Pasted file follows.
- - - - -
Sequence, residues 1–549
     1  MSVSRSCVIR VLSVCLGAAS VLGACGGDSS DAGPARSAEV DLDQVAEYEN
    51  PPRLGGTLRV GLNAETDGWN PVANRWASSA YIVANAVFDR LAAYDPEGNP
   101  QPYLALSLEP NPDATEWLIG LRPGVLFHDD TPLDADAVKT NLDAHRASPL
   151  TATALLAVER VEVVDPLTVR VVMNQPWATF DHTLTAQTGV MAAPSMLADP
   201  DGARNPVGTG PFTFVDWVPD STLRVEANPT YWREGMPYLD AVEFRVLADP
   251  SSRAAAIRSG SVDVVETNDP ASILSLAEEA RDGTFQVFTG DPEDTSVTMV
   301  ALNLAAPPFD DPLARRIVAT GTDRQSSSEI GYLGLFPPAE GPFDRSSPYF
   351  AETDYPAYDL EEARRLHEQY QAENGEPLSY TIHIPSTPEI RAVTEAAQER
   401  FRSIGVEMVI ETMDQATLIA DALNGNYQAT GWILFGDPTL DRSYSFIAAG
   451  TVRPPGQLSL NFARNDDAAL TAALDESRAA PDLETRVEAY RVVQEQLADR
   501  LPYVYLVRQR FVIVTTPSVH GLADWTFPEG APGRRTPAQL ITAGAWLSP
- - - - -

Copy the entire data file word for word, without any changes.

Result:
Sequence, residues 1–549
     1  MSVSRSCVIR VLSVCLGAAS VLGACGGDSS DAGPARSAEV DLDQVAEYEN
    51  PPRLGGTLRV GLNAETDGWN PVANRWASSA YIVANAVFDR LAAYDPEGNP
   101  QPYLALSLEP NPDATEWLIG LRPGVLFHDD TPLDADAVKT NLDAHRASPL
   151  TATALLAVER VEVVDPLTVR VVMNQPWATF DHTLTAQTGV MAAPSMLADP
   201  DGARNPVGTG PFTFVDWVPD STLRVEANPT YWREGMPYLD AVEFRVLADP
   251  SSRAAAIRSG SVDVVETNDP ASILSLAEEA RDGTFQVFTG DPEDTSVTMV
   301  ALNLAAPPFD DPLARRIVAT GTDRQSSSEI GYLGLFPPAE GPFDRSSPYF
   351  AETDYPAYDL EEARRLHEQY QAENGEPLSY TIHIPSTPEI RAVTEAAQER
   401  FRSIGVEMVI ETMDQATLIA DALNGNYQAT GWILFGDPTL DRSYSFIAAG
   451  TVRPPGQLSL NFARNDDAAL TAALDESRAA PDLETRVEAY RVVQEQLADR
   501  LPYVYLVRQR FVIVTTPSVH GLADWTFPEG APGRRTPAQL ITAGAWLSP